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Chincoteague Island, Maryland


The Assateague Lighthouse built in 1867 
Having visited Assateague Island four years ago, we had known since our departure that we would come back again.  This time we planned to spent several days, and for the most part, the weather cooperated beautifully.  Known as the Chincoteague Island National Wildlife Refuge (NWR) because that is the closest zip code, visitors come to see migrating birds and wild ponies.  We did not see any ponies during our earlier stay in the area and intended to remedy that this time.  By camping on Chincoteague Island, VA, we were only a few miles from the NWR.  The northern portion of the island is designated as the Assateauge National Seashore (located in Maryland), but that will need to be explored on yet another trip.

With several miles of biking and walking trails available within the NWR, we enjoyed a few outings
Great Egret looking for lunch
on the well-maintained bike trails that meanders through the refuge.  Even though the area draws ten of thousands of birds during the migration season in the fall and spring, we caught it off season.  But   Canadian geese, Great Blue Herons, Great Egrets (Great White Herons), cattle egrets, ducks, gulls, terns, sanderlings and vultures were still easily spotted.  One Bald Eagle even posed for pictures (which I missed getting in spite of his help!)  The refuge is residence for or temporary resting place for over 300 bird species.  Spraying up with some type of mosquito repellent, before heading out for a walk or a ride, is essential.  As home to the endangered Delmarva Fox Squirrel, we did catch a glimpse of one of these large (up to 30 inches) furry fellows, but he wasn't posing like our eagle friend and disappeared quickly into the brush.

The NWR herd of 150 wild ponies is owned and cared for by the
Chincoteague Volunteer Fire Department. Herd size is
controlled by a Pony Auction every July.
Learning about the Chincoteague Natural History Association bus tour, I booked us on the next open excursion.  With only 30 seats in the air-conditioned vehicle and limited trips (none offered from December through March), the popular tours fill up, but seats can be reserved ahead of time.  The 90-minute trip goes into an area that is not typically accessed by visitors, down a 7.5 mile service road.  A knowledgeable bus driver also functioned as our tour guide.  With a spiel covering all the basics about the NWR, she was also able to answer most of the questions thrown her way.  On this drizzly day, it turned out to be a perfect outing.  The numerous ponies and waterbirds (and the aforementioned eagle) could care less about the rain, and were seemingly following their normal routine.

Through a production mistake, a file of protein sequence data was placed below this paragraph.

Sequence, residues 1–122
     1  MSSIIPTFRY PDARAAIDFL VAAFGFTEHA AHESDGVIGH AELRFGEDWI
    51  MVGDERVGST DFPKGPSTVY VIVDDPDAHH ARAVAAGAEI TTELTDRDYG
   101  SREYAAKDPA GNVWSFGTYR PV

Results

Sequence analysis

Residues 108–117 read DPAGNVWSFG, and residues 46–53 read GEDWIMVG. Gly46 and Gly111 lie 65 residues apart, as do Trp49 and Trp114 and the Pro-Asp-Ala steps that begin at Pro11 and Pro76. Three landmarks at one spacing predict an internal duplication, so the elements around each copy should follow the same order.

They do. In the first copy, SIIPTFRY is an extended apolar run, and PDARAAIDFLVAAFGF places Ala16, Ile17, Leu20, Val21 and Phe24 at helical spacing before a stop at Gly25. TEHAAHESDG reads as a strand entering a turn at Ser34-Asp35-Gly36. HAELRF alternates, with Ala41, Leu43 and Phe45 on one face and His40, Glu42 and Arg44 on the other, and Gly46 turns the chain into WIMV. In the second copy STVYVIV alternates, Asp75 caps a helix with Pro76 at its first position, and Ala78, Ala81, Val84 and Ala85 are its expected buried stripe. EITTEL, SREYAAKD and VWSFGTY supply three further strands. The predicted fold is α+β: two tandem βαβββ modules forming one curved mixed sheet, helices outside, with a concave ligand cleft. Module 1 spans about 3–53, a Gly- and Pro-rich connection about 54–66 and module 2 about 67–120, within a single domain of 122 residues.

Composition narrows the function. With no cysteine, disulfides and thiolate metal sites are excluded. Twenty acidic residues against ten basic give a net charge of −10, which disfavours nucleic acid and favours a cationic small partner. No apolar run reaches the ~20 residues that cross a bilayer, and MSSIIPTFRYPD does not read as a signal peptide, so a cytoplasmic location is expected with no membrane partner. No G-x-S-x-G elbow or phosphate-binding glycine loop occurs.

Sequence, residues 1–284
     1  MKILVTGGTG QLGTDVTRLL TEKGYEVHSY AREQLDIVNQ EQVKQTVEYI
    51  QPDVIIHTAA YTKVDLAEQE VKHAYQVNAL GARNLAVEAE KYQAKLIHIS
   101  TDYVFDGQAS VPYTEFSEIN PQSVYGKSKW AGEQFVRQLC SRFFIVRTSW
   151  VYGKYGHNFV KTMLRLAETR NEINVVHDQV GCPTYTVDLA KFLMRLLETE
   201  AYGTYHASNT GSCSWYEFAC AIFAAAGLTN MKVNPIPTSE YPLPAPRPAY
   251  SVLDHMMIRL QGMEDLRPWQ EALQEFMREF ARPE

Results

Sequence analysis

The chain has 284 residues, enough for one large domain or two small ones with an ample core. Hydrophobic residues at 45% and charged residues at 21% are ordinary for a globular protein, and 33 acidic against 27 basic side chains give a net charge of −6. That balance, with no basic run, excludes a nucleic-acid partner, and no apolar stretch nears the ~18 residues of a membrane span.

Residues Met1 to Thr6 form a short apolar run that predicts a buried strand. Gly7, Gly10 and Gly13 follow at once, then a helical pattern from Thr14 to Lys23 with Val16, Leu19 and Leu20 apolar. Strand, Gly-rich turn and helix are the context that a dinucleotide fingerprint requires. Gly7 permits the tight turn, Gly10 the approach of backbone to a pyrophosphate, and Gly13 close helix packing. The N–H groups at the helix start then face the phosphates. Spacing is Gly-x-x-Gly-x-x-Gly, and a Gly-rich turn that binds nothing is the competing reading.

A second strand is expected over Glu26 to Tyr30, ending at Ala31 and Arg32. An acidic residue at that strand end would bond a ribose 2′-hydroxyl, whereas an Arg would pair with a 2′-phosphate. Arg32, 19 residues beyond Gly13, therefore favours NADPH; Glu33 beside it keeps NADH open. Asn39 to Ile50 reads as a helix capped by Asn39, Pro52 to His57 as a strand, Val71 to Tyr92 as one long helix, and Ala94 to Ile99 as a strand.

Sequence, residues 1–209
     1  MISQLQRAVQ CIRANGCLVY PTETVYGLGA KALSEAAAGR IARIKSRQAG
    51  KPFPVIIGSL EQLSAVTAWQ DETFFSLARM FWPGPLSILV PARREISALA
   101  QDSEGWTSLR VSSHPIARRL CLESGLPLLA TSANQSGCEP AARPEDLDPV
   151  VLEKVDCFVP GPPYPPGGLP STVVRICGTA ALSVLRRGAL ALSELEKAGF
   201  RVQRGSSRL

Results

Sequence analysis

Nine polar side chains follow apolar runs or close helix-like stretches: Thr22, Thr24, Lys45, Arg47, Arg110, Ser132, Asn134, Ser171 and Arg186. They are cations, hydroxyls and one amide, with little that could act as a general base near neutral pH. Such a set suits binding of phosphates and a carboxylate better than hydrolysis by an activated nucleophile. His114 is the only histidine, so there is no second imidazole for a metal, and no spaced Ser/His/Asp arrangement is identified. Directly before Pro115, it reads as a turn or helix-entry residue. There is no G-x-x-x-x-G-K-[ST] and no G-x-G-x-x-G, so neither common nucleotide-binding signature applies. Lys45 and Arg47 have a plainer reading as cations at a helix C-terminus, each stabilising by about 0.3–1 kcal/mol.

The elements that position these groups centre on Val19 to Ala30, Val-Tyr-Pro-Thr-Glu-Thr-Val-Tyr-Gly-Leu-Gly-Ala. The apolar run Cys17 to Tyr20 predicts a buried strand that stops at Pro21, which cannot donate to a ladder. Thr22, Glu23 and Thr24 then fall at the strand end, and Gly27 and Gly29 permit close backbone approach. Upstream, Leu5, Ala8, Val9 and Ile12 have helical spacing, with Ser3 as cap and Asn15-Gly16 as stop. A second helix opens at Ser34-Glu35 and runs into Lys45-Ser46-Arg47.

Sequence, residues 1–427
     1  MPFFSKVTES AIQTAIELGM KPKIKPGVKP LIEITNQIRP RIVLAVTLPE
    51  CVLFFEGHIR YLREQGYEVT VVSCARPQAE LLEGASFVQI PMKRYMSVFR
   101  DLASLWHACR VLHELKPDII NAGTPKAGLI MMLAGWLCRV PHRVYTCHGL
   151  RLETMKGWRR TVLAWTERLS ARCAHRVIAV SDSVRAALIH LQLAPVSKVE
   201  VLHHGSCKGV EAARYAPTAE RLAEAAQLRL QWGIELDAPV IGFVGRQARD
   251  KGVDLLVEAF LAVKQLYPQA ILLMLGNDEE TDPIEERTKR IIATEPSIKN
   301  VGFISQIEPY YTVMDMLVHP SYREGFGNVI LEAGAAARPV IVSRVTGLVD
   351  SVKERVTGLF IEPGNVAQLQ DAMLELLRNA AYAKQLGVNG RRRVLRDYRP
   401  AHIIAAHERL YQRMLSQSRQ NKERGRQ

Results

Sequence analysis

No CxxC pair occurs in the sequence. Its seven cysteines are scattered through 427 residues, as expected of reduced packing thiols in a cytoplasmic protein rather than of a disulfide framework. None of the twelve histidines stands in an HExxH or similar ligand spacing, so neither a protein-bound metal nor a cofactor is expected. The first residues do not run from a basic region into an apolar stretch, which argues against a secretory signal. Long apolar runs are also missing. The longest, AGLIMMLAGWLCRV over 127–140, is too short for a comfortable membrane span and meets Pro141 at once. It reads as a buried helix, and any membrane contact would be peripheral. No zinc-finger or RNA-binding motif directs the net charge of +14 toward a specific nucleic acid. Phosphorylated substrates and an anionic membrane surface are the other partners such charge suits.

Bigger Dream rockin' the town.
Unbeknownst to us, a Plien air painting event was also scheduled in the area overlapping with our stay.  Alan set up his easel and painted a few times in preparation for the Ft. Myers happening he will be participating in this November.  With 40 artists registered for the Chincoteague affair, we sighted artists in town and in the NWR.  The culmination of the artist's efforts were shown Saturday evening, which happened in conjunction with the town's monthly Art Walk.  Featuring music by the 6-piece band, the Bigger Dream, along Main Street, we joined many residence and visitors dancing in the street to their lively mixture of rock, motown and country.

All the ponies are named and checked by a vet 3 times a year.
Their bloated stomachs are caused by excess of salt in
their diet from eating the plants in the marshes.
Concluding our visit with a trip on Captain Dan's Tour Boat, we lucked into seeing numerous ponies, dolphins and an eagle, hitting what Dan terms his "trifecta".  Having scheduled a morning outing on a  chilly, windy day, we bundled up for the trip.  The 2-hour tour departs from the waterfront dock downtown, and runs around Chincoteague Island.  With a 6-pack license, the groups are always small, and we traveled with another couple and their young child.  Captain Dan provides a knowledgeable narrative but is also open to questions.  It was a wonderful finish to our return visit.
Canadian goose

Statue of "Misty" in waterfront park, The local horse made famous
 by the children's book, Misty of  Chincoteague written in 1947
by Marguerite Henry.

Commercial fishing boats along the waterfront

Small shacks in the waterway built by oyster men to keep
watch over their oyster leases, built in the 1800's
One of numerous birdhouses in NWR for Tree Swallows, said to eat
2000 mosquitoes a day.


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